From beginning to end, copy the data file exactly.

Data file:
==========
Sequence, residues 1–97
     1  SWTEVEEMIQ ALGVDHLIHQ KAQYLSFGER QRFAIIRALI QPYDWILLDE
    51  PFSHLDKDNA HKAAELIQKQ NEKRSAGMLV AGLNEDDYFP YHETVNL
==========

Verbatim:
Sequence, residues 1–97
     1  SWTEVEEMIQ ALGVDHLIHQ KAQYLSFGER QRFAIIRALI QPYDWILLDE
    51  PFSHLDKDNA HKAAELIQKQ NEKRSAGMLV AGLNEDDYFP YHETVNL